The Nevada Democratic Party won’t say for sure whether results from Saturday’s caucuses will be released on the same day that votes are cast. They’re reminding people that it takes time to count votes and more time to report the results.
But the operation they’ve set up will guarantee screw-ups somewhere along the way, given the technology involved and the simple fact that most volunteers who will be responsible for turning the results in to state party headquarters will be untrained in how to do it.
Election officials, in general, have been raising concerns about public expectations to report results quickly, noting that totals reported on Election Day are unofficial. It takes weeks for votes to become official, after the results are checked and any irregularities are investigated. Election experts say it’s better to slow down reporting if problems surface to ensure results are accurate.
“If they set up expectations now, that’s a lot better than bungling the reporting like they did in Iowa and have everybody question what happened,” said Lawrence Norden, an elections expert with the Brennan Center for Justice at NYU’s Law School.
Expectations of a clusterfark won’t lessen the humiliation when it happens. But at least we won’t be surprised when mass confusion and chaos reign, right?
Is this really the best that a political party with tons of money and the best 21st-century technology at its disposal can do?
Nevada Democrats were going to use the same mobile app developer as Iowa, but quickly sidelined those plans. Instead, they will deploy party-owned, internet-connected iPads to precincts that will come with a Google form that will be used to access early vote totals, perform calculations during the caucus process and, ultimately, submit results electronically to the party.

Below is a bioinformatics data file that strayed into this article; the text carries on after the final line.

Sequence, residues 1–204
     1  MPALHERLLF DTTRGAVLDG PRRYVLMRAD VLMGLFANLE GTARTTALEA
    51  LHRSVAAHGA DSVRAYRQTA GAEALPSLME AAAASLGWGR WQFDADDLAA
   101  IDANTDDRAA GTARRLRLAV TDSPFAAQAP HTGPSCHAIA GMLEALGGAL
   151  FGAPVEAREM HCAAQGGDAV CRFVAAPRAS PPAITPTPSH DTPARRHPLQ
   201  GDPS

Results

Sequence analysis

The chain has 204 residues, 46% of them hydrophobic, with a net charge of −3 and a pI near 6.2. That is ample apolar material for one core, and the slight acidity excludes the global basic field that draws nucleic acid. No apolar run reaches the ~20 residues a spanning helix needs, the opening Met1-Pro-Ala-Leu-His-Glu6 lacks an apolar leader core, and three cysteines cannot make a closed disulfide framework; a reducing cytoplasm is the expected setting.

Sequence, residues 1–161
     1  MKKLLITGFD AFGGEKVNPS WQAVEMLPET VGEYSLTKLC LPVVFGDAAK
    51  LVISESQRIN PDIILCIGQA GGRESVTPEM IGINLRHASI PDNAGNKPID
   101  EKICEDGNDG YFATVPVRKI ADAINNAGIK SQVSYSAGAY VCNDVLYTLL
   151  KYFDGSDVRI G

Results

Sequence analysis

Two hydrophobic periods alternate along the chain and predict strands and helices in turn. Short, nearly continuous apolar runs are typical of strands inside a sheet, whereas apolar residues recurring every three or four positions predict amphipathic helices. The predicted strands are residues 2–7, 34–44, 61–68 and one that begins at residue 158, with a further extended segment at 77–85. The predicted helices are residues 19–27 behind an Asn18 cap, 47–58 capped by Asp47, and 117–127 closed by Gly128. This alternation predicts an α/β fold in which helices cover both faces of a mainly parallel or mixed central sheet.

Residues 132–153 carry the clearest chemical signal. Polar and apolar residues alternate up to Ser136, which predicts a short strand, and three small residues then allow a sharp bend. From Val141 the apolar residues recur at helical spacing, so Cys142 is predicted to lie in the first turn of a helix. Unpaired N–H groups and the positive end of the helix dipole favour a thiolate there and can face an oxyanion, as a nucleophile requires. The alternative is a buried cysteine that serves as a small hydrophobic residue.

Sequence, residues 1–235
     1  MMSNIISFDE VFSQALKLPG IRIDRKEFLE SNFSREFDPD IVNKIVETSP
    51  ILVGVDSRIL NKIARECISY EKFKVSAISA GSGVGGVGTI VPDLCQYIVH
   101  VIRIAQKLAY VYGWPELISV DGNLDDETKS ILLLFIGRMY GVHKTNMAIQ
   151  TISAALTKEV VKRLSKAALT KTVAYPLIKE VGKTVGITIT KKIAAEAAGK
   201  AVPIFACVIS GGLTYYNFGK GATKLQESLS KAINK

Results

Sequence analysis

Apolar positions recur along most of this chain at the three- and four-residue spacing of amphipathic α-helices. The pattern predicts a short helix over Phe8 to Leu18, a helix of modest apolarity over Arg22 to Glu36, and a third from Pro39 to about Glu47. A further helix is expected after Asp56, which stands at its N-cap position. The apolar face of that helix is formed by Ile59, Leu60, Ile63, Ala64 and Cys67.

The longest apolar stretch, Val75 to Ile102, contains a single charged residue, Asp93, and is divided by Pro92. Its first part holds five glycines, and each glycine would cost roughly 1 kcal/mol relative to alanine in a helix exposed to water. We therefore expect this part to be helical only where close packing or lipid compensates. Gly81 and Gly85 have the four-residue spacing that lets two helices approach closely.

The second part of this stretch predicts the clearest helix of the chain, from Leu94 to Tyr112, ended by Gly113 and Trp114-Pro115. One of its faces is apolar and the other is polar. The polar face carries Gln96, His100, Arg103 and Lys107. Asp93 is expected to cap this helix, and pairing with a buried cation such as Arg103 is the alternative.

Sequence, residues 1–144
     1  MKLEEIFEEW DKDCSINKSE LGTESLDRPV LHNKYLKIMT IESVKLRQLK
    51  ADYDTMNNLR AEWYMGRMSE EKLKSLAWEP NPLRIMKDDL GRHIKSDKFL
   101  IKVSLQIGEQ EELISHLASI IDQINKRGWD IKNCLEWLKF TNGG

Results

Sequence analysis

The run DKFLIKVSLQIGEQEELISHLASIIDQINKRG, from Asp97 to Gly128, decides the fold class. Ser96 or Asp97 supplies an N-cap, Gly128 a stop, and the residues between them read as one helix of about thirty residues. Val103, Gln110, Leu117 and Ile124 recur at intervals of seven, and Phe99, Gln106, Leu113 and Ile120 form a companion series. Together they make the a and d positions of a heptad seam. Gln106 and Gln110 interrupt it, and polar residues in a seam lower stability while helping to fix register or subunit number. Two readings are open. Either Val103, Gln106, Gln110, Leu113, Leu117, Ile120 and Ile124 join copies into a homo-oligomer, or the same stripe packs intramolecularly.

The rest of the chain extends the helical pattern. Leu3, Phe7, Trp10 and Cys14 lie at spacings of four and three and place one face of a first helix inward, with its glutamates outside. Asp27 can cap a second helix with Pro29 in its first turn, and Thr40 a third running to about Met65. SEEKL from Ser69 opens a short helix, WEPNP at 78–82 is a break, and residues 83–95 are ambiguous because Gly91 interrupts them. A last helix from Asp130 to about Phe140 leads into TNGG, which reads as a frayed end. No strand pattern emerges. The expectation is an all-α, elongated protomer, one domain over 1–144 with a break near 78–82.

The Google app and iPads are trusted commercial tech tools, but election experts have warned that developing and deploying any technology late in the process increases the risk of problems. Hundreds of volunteers need training, and the technology must also be field-tested.
Well, that sounds almost reasonable. But does it work?
As far as reporting the results, they are making it unnecessarily complicated. “Party officials have emphasized that a multistep process will be used to verify results that will include calling in results to a secure hotline and a paper worksheet that will be completed at each precinct and delivered to a party office.”
A “paper worksheet”? Will they have a horse and buggy deliver it to the office?
So how’s the training going?
Tuesday was the first time any in-person training for volunteers was held involving the iPad and the Google form, according to Seth Morrison, a volunteer who will be leading a site with six precincts on Saturday. Morrison attended the training in Las Vegas and said two of the three iPads at the location failed initially to power on. Only four other volunteers were present.
Morrison said he thought the Google form was easy to use but expressed concern for those who may not be able to attend the training and for those who may not be tech-savvy.
Well, that’s not good. Only four volunteers for six precincts bothered to show up. Yikes.
There’s early-voting in Nevada — something they didn’t have in Iowa — which is almost sure to bollix things up even more. There are math problems for the precinct chairs to solve in order to apportion the correct number of delegates to the right candidate.
If I were going to watch the results come in, I’d brew a strong pot of black coffee and maybe have a case of Red Bull on hand because it’s going to be a long, dark night for Democrats in Nevada this Saturday.
Editor’s note: PJ Media will bring you live results from the Nevada caucuses on Saturday, powered by Decision Desk HQ.